Stephen Schultze is Associate Director at the Center for Information Technology Policy at Princeton University. He comes most recently from the Berkman Center for Internet and Society at Harvard. His research focuses on government transparency, telecoms policy, and open source. He holds an M.S. from MIT’s Comparative Media Studies program and a B.A. in Computer Science.Join us for a talk on “RECAP the Law and the Movement to Free Government Records” given by Stephen Schultze, Associate Director at the Center for Information Technology Policy at Princeton University.
Co-hosted by the Robert Crown Law Library and the Center for Internet & Society.
The movement for government transparency has often focused on just two of the three branches of government: the executive and legislative. The RECAP project takes this movement to the third branch—the judiciary. Today, government puts federal court records online in a system called PACER: Public Access to Electronic Court Records. Created by the courts in the late 1980s, the system was ahead of the curve when it first appeared. But today, PACER is a relic of an earlier era. It keeps documents behind a pay-wall and suffers many usability shortcomings.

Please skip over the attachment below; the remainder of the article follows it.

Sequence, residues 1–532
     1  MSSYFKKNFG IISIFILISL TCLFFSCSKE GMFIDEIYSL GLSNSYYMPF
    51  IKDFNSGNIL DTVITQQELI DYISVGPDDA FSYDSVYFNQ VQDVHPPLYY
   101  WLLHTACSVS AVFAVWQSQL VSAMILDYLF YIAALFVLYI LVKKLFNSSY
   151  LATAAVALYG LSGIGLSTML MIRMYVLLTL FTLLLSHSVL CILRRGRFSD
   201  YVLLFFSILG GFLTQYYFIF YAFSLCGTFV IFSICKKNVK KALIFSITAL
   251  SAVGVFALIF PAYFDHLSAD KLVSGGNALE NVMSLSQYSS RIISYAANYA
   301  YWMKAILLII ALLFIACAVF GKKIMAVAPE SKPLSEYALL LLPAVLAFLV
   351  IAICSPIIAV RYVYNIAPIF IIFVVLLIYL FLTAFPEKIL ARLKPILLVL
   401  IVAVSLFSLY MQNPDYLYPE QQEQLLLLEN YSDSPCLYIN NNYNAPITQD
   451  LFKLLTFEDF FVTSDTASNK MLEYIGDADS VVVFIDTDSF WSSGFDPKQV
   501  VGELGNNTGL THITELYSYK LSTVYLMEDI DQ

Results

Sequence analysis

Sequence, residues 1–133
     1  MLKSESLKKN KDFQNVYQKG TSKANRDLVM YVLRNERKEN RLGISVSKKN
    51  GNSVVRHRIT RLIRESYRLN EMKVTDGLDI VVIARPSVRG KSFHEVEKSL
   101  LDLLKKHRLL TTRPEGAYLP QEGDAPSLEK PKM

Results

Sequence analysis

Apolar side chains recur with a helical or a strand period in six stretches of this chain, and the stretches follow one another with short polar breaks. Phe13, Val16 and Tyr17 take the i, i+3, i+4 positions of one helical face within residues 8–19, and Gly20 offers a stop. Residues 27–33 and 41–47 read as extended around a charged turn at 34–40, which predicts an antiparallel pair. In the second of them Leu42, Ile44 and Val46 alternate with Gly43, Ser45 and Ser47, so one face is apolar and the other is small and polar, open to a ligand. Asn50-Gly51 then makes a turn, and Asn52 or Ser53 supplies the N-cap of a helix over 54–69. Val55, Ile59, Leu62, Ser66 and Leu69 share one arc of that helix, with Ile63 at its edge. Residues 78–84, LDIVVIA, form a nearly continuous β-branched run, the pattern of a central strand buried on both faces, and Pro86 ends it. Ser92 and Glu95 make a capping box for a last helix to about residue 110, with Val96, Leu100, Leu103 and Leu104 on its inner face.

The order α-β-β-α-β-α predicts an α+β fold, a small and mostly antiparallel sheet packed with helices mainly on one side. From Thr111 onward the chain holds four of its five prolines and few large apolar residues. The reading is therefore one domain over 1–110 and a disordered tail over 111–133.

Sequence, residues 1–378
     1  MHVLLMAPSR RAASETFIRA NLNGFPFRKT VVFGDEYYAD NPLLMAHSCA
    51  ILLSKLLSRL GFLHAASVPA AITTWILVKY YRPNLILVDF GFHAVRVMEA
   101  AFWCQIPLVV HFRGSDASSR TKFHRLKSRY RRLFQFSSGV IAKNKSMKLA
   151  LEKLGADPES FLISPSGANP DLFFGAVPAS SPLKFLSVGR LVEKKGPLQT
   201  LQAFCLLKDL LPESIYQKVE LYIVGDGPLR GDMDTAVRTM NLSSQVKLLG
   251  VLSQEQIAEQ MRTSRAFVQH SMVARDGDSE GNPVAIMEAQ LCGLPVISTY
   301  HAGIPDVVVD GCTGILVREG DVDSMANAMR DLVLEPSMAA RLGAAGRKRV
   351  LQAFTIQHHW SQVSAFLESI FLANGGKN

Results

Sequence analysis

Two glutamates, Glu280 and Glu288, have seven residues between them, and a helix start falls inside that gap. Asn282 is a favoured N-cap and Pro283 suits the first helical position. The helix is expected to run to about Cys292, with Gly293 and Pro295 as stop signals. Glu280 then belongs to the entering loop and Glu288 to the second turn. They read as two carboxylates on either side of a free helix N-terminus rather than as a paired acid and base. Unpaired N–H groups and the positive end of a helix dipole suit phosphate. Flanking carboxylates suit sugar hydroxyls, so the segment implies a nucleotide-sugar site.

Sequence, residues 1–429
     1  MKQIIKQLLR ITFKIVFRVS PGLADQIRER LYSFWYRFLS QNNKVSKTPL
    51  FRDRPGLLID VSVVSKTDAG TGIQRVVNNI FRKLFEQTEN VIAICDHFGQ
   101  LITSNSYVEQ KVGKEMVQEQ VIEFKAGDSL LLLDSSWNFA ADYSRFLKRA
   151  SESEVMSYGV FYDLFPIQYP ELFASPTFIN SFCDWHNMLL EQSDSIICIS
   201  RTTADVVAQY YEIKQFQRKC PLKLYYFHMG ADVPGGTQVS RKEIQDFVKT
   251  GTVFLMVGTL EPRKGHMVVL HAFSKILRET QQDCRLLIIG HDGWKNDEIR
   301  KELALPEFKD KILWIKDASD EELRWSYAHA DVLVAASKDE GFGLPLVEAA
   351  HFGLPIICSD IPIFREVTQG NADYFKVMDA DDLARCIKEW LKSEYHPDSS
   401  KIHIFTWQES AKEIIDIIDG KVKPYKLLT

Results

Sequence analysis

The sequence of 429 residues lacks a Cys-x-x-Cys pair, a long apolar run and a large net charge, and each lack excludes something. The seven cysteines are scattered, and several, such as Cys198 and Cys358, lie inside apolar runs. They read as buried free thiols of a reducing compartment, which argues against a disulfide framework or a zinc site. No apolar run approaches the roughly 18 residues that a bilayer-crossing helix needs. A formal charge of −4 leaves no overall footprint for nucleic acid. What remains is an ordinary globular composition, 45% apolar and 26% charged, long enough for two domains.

RECAP enables citizens to easily share federal court documents. The goal of this project, over time, is to publish an extensive archive to the public for free. This will not only help people who are interested in a particular case, but will also pave the way for others to build more and better tools.
In his talk, Stephen Schultze will discuss both the technical workings of RECAP, as well as the policy implications of the project.
Pizza served! Feel free to bring a brown bag lunch.